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Re: Insurance

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Forrest Braun wrote:

. > It seems like its not needed for an engineer with no staff but a fair
. > number of clients both public and private request a certificate when
. > signing a contract.  In part its providing a degree of protection to your
. > client while on their site.

In part only!

There are other, very common, situations where sole proprietor WC coverage
comes into play, for example:

I was coming back to my office after reviewing plans on file at the Building
Safety Division office.  Getting into my truck, my left foot slipped off the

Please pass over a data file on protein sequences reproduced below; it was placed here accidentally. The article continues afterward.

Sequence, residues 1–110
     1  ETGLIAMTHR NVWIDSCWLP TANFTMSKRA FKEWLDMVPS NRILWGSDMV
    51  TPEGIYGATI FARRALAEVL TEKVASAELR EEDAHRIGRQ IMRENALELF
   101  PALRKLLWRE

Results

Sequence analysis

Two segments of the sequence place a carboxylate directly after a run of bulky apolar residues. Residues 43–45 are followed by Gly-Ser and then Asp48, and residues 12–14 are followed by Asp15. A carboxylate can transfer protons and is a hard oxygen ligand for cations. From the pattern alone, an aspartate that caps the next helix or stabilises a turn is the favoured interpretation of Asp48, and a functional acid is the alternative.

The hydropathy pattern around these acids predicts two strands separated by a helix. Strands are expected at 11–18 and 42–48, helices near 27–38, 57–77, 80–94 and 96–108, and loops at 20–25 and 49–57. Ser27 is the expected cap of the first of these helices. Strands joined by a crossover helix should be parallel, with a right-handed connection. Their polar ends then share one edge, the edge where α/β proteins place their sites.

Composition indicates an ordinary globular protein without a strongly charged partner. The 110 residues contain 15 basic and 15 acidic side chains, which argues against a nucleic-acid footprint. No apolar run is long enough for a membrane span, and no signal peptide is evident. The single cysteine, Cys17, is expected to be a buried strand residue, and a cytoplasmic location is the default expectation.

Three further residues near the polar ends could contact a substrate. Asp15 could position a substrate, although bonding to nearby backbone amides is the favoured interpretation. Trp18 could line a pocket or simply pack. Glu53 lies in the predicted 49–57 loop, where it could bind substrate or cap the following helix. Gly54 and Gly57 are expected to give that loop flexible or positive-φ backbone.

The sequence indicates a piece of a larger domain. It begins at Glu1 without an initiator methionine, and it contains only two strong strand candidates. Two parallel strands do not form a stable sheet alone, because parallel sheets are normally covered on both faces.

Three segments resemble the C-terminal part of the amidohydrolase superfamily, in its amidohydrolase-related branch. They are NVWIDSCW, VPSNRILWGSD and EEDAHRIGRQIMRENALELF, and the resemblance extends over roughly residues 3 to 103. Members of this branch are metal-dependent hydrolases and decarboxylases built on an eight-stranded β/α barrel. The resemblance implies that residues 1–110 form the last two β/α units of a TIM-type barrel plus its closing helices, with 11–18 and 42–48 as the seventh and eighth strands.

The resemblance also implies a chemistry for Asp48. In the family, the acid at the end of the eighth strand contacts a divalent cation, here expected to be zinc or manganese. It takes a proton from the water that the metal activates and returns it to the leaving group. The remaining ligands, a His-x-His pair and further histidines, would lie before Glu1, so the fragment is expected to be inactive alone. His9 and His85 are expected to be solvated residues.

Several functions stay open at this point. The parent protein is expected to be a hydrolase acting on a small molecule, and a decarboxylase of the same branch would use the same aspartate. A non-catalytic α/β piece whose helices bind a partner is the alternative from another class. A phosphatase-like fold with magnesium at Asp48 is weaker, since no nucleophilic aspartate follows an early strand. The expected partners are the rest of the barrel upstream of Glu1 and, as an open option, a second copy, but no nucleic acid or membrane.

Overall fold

edge of a pothole and a "snap" accompanied excruciating pain.  After sitting
there for about 15 minutes, the cold sweat stopped, and I started to see if I
could operate the clutch.  Some minutes later, I found that I could
carefully, slowly operate the clutch and proceeded back to the office.  By
time I got back to the office and took off my sock, my toes were black.  I
went to an orthopaedic surgeon, had x-rays, diagnosis (severe sprain with
tendon tearing off the bone), treatment, etc., all paid by the WC carrier.
If I had been unable to work while recuperating, I would have received
compensation for that time based on the "imputed" salary for a sole

It is not only injury while at your client's site that workman's comp
insurance covers; it covers injury or illness incurred while engaged in your

A. Roger Turk, P.E.(Structural)
Tucson, Arizona

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